My dad said something one night about how he didn’t like me going to this Baptist church. I told him no. I was going to stick with it – it preached the message of Jesus, same as what he believed, it was just slightly different. I then said something to the degree of I don’t think I’d raise my children Catholic. He got really angry and yelled something I can’t recall. I walked away and hid in my room. I never disobeyed my dad to his face before. He got the last line, however. He banged on my bedroom door until I opened it and he screamed, “It’s your fault if your mom and I divorce. You divided this family by going to another church. This. Is. All. Your. Fault.” He stalked off, leaving me at the door, bewildered. My mom said nothing. I was 16.

I knew even then that I was not responsible for the unravelling of my parents marriage. I knew that was between them. Nonetheless, those words stung like freezing rain on naked skin. I had to get out. “I’m going for a quick run,” I said through tears as I ran out the door. I did not take a coat for the cold midwestern winter night I ran into and I didn’t care. I ran as fast and as hard as I could to the end of our street, bawling, trying to make sense of all this Jesus and family stuff in my head. One thing was clear: I wasn’t going to turn my back on Jesus. While I hadn’t given my life to him, like David did, I certainly wasn’t about to go back to what I was before with the Catholic church. I had come too far and read too much of the Bible for that. I also absolved, before God that night, with my lungs burning from the freezing air, that I would never punish my children for choosing a different religion than me. The pain was too real and too raw to inflict on someone I loved.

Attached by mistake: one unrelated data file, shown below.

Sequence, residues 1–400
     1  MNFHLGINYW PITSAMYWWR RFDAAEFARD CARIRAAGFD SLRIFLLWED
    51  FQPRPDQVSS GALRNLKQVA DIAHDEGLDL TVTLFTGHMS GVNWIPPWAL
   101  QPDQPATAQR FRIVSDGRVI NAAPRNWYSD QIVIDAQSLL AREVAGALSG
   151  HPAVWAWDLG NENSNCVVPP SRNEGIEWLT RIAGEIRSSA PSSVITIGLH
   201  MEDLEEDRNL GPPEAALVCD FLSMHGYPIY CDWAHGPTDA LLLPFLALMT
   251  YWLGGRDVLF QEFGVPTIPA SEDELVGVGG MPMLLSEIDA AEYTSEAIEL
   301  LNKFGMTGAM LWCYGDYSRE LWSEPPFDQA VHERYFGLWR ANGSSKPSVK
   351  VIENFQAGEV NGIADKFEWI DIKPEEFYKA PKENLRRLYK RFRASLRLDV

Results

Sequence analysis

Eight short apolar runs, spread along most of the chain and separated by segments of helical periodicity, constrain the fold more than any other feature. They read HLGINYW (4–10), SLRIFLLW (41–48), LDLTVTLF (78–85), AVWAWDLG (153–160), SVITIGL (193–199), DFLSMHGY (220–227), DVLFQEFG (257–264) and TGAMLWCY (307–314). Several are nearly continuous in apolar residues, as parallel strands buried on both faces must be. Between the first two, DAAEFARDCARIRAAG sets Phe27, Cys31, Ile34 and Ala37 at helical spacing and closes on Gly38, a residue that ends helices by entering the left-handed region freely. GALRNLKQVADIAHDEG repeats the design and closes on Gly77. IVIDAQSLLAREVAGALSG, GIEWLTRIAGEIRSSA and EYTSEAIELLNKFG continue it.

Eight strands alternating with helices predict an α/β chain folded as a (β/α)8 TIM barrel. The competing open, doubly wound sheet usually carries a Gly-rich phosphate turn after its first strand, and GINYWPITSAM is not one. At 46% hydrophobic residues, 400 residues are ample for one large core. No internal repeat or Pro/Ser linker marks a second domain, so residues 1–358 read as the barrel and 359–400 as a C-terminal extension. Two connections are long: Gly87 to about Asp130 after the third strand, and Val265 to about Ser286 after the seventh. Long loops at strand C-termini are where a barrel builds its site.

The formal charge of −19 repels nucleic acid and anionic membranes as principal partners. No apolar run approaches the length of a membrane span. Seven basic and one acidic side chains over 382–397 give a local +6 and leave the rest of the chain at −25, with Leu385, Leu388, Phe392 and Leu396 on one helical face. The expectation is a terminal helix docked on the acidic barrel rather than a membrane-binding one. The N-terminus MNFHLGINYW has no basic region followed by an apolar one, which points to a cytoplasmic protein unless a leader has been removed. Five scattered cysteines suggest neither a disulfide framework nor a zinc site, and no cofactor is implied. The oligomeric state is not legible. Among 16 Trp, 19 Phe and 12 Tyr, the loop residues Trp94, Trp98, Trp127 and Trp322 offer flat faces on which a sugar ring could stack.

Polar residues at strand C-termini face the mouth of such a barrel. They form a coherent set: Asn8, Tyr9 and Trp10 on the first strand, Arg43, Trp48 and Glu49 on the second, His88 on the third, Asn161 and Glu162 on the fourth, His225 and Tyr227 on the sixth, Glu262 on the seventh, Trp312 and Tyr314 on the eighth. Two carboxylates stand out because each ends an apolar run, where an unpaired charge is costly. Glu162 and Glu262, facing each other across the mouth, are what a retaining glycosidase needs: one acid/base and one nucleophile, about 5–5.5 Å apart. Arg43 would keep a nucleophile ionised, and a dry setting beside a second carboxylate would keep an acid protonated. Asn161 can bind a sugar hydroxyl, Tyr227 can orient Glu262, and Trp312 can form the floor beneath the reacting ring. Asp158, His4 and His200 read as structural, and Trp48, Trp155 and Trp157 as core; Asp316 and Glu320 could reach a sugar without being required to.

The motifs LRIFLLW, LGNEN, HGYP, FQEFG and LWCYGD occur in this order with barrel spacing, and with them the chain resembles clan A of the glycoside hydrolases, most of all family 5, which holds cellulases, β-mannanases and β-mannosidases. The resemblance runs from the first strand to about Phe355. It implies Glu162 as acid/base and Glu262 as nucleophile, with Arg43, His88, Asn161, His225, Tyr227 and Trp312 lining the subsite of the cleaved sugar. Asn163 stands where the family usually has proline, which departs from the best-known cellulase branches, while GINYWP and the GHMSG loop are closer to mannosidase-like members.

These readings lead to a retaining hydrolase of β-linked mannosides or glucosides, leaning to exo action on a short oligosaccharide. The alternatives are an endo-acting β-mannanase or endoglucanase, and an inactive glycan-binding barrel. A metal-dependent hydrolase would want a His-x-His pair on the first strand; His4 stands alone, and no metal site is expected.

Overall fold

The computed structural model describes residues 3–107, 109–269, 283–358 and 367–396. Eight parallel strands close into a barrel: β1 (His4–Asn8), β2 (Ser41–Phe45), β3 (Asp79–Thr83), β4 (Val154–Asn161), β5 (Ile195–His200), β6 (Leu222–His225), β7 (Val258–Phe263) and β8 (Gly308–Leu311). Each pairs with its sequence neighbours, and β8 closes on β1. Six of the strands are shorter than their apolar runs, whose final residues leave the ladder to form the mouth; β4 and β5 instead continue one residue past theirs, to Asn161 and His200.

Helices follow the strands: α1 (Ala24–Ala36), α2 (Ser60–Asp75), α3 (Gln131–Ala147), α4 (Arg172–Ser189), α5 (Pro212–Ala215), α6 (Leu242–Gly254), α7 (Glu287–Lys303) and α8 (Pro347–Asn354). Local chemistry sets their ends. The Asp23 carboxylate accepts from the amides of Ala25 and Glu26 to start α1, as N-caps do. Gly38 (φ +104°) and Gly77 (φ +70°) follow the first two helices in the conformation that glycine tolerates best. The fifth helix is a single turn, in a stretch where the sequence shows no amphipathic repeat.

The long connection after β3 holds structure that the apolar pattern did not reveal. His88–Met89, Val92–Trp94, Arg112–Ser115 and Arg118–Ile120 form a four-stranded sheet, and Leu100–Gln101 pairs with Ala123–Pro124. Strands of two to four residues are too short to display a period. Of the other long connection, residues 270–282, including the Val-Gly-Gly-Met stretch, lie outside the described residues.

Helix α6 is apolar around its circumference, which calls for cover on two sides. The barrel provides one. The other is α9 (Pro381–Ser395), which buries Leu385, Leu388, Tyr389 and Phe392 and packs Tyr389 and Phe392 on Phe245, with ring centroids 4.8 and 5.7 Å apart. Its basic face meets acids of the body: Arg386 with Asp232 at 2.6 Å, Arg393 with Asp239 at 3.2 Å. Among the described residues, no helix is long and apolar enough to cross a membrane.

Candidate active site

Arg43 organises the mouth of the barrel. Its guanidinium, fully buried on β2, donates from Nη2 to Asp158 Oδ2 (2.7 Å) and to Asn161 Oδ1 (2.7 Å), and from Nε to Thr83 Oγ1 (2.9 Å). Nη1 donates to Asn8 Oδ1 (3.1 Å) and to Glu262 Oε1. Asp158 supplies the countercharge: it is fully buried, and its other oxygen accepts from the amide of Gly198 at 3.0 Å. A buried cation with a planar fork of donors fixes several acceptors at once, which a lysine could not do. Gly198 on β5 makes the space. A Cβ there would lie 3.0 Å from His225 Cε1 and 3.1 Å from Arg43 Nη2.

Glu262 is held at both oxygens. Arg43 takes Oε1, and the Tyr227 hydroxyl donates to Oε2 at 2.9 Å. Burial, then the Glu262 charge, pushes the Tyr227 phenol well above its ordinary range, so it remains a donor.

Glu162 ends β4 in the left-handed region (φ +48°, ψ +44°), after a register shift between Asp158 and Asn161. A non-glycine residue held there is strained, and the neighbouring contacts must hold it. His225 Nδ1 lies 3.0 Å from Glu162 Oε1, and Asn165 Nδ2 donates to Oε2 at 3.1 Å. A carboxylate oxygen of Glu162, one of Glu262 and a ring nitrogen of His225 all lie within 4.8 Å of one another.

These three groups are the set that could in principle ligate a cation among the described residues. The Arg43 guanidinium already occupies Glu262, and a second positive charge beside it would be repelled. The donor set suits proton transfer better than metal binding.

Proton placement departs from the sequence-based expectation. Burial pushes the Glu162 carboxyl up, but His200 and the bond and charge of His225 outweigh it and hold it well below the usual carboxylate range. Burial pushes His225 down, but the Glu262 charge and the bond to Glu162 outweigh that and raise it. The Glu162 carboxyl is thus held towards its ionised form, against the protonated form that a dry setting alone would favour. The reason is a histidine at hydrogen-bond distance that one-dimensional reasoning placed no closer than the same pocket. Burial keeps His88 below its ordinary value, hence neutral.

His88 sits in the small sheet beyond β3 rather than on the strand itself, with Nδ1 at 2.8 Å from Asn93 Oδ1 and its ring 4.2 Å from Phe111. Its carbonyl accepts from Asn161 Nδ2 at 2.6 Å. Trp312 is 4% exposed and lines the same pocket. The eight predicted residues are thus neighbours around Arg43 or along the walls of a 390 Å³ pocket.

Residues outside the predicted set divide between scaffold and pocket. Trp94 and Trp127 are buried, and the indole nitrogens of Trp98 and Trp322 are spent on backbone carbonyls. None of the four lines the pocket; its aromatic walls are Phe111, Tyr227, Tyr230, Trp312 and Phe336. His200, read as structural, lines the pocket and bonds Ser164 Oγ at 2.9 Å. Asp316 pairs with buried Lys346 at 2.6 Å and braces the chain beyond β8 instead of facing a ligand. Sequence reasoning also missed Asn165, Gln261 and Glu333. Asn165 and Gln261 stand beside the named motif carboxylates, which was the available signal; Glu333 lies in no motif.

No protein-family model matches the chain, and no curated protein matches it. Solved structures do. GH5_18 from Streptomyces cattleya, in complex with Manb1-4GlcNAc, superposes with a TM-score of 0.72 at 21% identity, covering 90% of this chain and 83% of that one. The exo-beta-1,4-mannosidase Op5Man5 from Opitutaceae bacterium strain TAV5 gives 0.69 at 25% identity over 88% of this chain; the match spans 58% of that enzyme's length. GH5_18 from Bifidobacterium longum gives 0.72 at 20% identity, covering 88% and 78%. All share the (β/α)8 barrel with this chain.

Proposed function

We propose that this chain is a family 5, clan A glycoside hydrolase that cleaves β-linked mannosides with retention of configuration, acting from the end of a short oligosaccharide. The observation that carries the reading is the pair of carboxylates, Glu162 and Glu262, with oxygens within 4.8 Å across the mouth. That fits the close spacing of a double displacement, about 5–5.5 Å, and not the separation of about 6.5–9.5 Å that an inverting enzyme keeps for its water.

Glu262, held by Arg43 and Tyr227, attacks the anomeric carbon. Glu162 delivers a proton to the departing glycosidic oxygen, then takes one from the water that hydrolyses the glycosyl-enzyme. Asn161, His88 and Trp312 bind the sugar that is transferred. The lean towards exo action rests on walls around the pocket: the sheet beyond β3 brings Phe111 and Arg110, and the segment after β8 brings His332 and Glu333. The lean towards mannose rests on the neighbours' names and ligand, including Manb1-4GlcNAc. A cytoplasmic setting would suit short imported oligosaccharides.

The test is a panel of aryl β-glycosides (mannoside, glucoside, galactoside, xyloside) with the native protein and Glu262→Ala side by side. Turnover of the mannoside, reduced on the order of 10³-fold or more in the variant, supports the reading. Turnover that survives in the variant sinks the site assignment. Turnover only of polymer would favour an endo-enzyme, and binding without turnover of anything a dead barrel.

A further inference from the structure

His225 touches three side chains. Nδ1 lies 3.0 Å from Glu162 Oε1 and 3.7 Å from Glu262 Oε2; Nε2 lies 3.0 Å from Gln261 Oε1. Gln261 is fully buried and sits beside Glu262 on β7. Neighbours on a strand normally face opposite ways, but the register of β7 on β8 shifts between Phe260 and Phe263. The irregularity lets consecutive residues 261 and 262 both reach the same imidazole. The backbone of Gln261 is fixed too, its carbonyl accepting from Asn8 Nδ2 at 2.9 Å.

My dad didn’t speak to me again for almost 2 weeks. I chose Jesus over family. For a people pleaser like myself, that was huge. The Holy Spirit had begun Its work in my life.

I spent the rest of the spring and early summer continuing my research. I was attending Sunday morning services quite regularly now, also going on Sunday nights and Tuesdays for the youth group. In addition to reading the Bible, I joined a Bible study on Thursday nights. It was entitled “Experiencing God” and had a workbook with friends from the youth group. I learned so much about God’s character by using this Bible study and reading the scriptures. It was led by a strange couple at church who didn’t have children and eventually left under weird circumstances, but they provided the space for exploring my spiritual journey, and introduced me to journalling; for that I am forever grateful.